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Colorado Court of Appeals Opinions || June 21, 2012

Colorado Court of Appeals -- June 21, 2012
2012 COA 97. No.09CA1747. People v. Dean.

COLORADO COURT OF APPEALS 2012 COA 97

Court of Appeals No. 09CA1747
City and County of Denver District Court No. 08CR10323
Honorable Christina M. Habas, Judge


The People of the State of Colorado,

Plaintiff-Appellee,

v.

Charles E. Dean,

Defendant-Appellant.


JUDGMENT AND SENTENCE AFFIRMED
AND CASE REMANDED WITH DIRECTIONS

Division V
Opinion by JUDGE LOEB
Hawthorne and Miller, JJ., concur

Announced June 21, 2012


John W. Suthers, Attorney General, Ryan A. Crane, Assistant Attorney General, Denver, Colorado, for Plaintiff-Appellee

Alison Ruttenberg, Boulder, Colorado, for Defendant-Appellant

 

¶ 1   Defendant, Charles E. Dean, appeals the judgment of conviction entered and sentence imposed on a jury verdict finding him guilty of second degree murder. We affirm and remand for correction of the mittimus.

I. Background

¶ 2   According to evidence presented by the prosecution at trial, defendant and the victim had been friends for nearly thirty years. Despite this friendship, in 2001, defendant assaulted and beat the victim by continuously kicking him in the head, even after the victim had lost consciousness, over the perceived theft of a small amount of crack cocaine. After this incident, defendant and the victim remained friends and, in the months before the victim’s death, had been essentially living together in the victim’s duplex apartment. Evidence at trial established that they also smoked crack cocaine together.

¶ 3   In October 2004, defendant again severely beat the victim. Following the beating, defendant placed the victim in a closet and shut the door. Throughout the night, in response to the victim’s cries and moans, defendant returned to the closet and beat the victim several more times. In the morning, when defendant checked on the victim, he was dead.

¶ 4   Defendant then called two friends to help dispose of the body. His friends arrived at the apartment with a chainsaw, and together they dragged the victim’s body into the bathroom and put it in the bathtub. Using the chainsaw, defendant then dismembered the body and placed the body parts into plastic trash bags. After loading defendant’s pick-up truck with the trash bags, they drove around Denver and threw the trash bags in various dumpsters throughout the city. Neither the body parts nor the chainsaw was ever recovered.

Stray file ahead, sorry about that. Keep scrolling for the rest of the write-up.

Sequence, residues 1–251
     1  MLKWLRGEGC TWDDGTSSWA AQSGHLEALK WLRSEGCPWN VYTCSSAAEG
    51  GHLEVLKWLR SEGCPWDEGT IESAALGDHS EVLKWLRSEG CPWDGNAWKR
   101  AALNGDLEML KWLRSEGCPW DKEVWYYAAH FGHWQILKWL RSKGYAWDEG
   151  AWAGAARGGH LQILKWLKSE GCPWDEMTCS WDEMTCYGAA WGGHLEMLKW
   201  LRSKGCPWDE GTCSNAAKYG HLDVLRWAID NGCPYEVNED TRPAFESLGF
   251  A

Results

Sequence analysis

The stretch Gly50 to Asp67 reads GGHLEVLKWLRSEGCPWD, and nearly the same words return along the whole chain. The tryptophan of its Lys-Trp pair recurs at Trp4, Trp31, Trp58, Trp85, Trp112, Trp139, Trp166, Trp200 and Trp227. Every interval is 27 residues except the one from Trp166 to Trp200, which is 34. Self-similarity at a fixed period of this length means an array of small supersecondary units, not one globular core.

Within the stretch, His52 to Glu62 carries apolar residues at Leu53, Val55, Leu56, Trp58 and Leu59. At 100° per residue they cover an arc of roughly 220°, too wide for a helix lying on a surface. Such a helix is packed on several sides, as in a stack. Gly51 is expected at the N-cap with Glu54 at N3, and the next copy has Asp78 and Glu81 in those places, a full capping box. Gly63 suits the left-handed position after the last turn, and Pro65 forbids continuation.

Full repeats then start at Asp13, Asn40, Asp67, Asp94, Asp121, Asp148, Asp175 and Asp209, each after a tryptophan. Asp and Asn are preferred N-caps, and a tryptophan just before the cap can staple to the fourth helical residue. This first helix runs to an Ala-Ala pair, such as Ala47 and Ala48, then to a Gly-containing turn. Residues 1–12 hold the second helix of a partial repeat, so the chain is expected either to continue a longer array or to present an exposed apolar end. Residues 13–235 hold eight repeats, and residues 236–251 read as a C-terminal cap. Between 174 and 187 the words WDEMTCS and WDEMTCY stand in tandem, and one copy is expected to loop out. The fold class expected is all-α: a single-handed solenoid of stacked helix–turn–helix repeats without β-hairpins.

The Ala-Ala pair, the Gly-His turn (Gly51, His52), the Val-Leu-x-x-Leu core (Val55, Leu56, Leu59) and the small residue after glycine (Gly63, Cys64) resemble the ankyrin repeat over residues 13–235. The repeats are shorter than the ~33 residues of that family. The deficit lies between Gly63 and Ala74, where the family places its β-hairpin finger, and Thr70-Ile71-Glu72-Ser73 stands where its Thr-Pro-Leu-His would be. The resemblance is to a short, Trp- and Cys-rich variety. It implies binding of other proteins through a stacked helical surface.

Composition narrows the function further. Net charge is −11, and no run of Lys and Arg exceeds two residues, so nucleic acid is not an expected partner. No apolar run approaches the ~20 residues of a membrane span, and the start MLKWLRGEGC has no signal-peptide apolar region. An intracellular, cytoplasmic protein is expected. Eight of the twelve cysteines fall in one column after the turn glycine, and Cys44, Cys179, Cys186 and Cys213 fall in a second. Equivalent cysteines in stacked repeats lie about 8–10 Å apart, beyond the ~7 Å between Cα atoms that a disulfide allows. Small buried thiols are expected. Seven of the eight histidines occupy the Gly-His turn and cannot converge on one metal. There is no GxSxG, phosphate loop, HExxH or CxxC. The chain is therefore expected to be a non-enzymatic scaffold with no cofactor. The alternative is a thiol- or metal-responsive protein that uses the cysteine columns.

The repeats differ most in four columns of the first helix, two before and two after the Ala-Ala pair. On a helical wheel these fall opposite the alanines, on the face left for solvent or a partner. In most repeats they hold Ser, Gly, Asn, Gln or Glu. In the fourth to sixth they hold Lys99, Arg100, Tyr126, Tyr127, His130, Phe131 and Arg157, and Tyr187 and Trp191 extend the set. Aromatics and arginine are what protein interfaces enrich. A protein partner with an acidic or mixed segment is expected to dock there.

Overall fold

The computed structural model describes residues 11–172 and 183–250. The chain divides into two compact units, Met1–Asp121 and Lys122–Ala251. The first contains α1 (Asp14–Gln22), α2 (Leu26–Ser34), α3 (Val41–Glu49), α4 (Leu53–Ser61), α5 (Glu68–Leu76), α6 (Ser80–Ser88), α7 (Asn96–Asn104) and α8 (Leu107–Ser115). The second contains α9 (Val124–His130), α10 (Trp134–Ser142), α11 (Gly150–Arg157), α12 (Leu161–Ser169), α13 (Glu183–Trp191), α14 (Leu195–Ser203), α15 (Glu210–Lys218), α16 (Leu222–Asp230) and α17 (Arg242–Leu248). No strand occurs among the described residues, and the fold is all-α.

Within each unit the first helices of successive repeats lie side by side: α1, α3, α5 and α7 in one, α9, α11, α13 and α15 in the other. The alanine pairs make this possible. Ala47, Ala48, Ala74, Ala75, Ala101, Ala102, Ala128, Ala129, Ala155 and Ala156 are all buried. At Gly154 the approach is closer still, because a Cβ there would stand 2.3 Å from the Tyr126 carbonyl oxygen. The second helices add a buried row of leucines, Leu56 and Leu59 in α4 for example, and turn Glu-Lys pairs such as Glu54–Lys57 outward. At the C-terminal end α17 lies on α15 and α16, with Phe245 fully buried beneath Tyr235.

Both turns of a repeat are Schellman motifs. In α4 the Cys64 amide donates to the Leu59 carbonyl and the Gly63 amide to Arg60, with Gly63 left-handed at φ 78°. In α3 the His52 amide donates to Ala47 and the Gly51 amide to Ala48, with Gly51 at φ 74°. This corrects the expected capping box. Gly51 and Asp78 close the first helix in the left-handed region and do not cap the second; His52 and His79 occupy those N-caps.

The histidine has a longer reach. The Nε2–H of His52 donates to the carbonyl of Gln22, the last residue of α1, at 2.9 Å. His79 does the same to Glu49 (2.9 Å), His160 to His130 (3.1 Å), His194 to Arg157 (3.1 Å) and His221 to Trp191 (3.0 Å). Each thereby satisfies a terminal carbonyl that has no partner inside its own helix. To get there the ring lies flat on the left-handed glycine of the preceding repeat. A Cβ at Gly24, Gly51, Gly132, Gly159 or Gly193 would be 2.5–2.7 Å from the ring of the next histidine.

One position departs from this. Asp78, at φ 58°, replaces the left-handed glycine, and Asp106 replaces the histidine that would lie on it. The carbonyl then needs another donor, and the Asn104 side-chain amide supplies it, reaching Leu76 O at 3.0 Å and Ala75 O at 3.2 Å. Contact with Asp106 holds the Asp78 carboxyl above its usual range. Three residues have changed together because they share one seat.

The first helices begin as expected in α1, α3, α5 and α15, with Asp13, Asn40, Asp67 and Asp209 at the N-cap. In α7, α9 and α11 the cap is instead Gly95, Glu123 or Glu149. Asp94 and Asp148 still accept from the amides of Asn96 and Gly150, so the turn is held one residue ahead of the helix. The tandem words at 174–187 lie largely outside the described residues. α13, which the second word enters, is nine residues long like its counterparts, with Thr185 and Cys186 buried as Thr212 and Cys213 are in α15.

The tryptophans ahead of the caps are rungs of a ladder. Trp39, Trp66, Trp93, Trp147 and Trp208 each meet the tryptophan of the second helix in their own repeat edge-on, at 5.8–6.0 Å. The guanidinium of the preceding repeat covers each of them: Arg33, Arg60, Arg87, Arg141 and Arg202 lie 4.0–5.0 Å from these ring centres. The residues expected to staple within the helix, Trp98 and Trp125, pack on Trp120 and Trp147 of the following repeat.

¶ 5   Later, defendant set fire to the victim’s apartment in an effort to cover up any remaining evidence of the murder. The fire department arrived at the apartment and, after taming the blaze, discovered biological material in the bathroom. The police arrived and recovered the biological material, which included blood, tissue, cartilage, and bone fragments. Through DNA testing, this biological material was later determined to belong to the victim. In their search of the apartment, the police also found drug paraphernalia, including two crack cocaine pipes.

¶ 6   In connection with these events, defendant was charged with first degree murder. At trial, defendant’s theory of defense was that he did not kill his “best friend” or set fire to the apartment, had not been in the apartment when the incidents took place, and did not know who committed the crimes. Defendant argued consistently with this theory at trial and sought to expose weaknesses in the prosecution’s evidence linking him to the crime.

¶ 7   The prosecution’s theory was that defendant “snapped” and beat the victim to death, possibly over a dispute involving crack cocaine. To establish defendant’s motive for killing his “best friend” and to establish defendant’s identity as the perpetrator, the prosecution introduced other acts evidence under CRE 404(b), including the 2001 incident discussed above in which defendant beat the victim over the perceived theft of a small amount of crack, and other instances in which witnesses testified to defendant’s prior use of crack cocaine.

¶ 8   The jury convicted defendant of the lesser included offense of second degree murder, a class 2 felony, which has a maximum presumptive sentence of twenty-four years. See § 18-1.3- 401(1)(a)(V)(A), C.R.S. 2011. Following his conviction, defendant was also adjudicated by the trial court as a habitual criminal for committing a felony (second degree murder) after having sustained three previous felony convictions. See § 18-1.3-801(2), C.R.S. 2011. In accordance with the applicable habitual offender and parole eligibility statutes, defendant was sentenced to four times the presumptive maximum sentence for second degree murder, or ninety-six years, and will be eligible for parole after completing seventy-five percent of his prison sentence (seventy-two years). See id.; § 17-22.5-403(2.5)(a), C.R.S. 2011.

¶ 9   This appeal followed.

II. Equal Protection

¶ 10   Defendant first contends that the trial court erred by ruling that he could be constitutionally sentenced as a habitual offender under section 18-1.3-801, C.R.S. 2011, because that statute (in connection with section 17-22.5-403(2.5)(a)), as applied to him, denied him equal protection of the laws as to his parole eligibility. We disagree.

A. Standard of Review and Applicable Law